-- If MacGyver loved dark chocolate, Potomac Chocolate might be his chocolate of choice. Its founder, Ben Rasmussen, creates award-winning chocolate out of his Woodbridge, Va., basement using equipment he hacked together himself.
“I very much am a do-it-myselfer,” Rasmussen said. “I love building the machines. I have a friend at my day job who says all the time that he thinks that the chocolate is secondary to the building of the machines. I correct him every time that I do very much enjoy building the machines, but it's all in the pursuit of better chocolate.”
Rasmussen began making dark chocolate more than five years ago, after going his whole life, believe it or not, with never even tasting the good stuff.
“Seven years ago, I hadn't even tried chocolate, like good chocolate,” Rasmussen said. “When I was thinking of dark chocolate, it was Hershey's Special Dark and that’s what I was used to.”
It wasn’t until his brother came back from a chocolate tasting course in Salt Lake City, UT, with some samples for his sibling to taste, that Rasmussen’s world was rocked.
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“I'm like, ‘I'll try it, but I have a terrible palate, and I don't like dark chocolate, but I'll try it.’ Obviously I was horribly mistaken,” Rasmussen said. “I just fell in love with it, started doing tastings for friends. One of them was like, ‘Hey, we should try making this stuff’ to which I essentially thought, ‘That's the craziest thing I've ever heard.’ We started messing around and then, in very short order, launched Potomac Chocolate.”
Rasmussen soon began making chocolate in his kitchen, using common utensils, and he soon realized he had knack for the process.
“The first bar we tried we didn't know what we were doing,” Rasmussen said. “We tried it and we were like, ‘This isn't bad. For our first batch, holy crap.’ In fact, that first bar was a finalist in that year's Good Food Awards, which is based out of San Francisco. Then [we] actually won a silver in the Academy of Chocolate Award[s] that spring, which was this insane moment because I'm like, 'All right. A year ago, I'd not even really tasted chocolate and now, I won this award.'"
Winning those awards then led to an unexpected demand for his chocolate. He soon made the move from his kitchen down to his basement and then started building his chocolate-making equipment to expand his output.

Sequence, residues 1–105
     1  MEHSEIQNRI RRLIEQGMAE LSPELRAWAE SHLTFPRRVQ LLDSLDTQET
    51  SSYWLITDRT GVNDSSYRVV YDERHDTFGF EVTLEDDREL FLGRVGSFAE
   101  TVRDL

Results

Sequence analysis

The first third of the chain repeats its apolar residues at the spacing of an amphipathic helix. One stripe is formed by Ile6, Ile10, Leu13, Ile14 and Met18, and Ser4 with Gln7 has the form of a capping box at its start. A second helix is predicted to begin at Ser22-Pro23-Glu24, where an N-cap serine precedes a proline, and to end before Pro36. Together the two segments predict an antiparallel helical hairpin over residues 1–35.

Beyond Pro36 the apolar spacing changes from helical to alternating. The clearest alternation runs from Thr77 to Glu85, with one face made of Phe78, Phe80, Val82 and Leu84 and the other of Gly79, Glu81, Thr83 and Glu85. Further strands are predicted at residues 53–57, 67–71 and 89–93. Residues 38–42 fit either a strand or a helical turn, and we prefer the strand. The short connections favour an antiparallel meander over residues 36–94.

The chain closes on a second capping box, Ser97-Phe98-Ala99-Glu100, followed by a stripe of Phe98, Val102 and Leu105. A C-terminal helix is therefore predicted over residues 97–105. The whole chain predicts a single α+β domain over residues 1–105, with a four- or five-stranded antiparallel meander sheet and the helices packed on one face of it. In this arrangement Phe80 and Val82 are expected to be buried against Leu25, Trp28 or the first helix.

“In the first batch we made, probably two or three pounds worth of chocolate,” Rasmussen said. “My current roaster can roast 12 pounds, maybe 15 pounds if I push it, at a time. I'm building a new roaster that will easily be able to do the 50 pounds or whatever that I need for one batch.”
Before finding his knack for chocolate making, Rasmussen wore many hats.
“I've gone through a lot of jobs. I sold cars for a little while, which did not go well. I used to wash carpets. I used to roof,” Rasmussen said. “Then I stumbled into a computer job and just fell in love with it, became very passionate about computers. Actually that's still what I do as my day job. Now I'm a lot better at it. I do Linux systems administration as my day job.”
Juggling family, a full-time job and making chocolate has become somewhat challenging for Rasmussen, but he’s figuring it out as he goes along.
“Finding the balance with the day job and the chocolate is pretty tough,” Rasmussen said. “I've got a wife and four kids and a mortgage and financial responsibilities. There's a lot of times that I'll have to say, ‘Well I was going to do this chocolate but my daughter has a viola concert. I'm going to do that.’"
As for the basement, he doesn’t see himself giving up his little subterranean chocolate factory anytime soon.
“At this point, other than storage, there's not a huge rush to move out,” Rasmussen said. “Once I move out of the basement, then there's a lot more overhead and that kind of thing. I don't know that I'd say I'm going to hold on to the basement as long as I can, but I'm going to hold onto it for a little while.”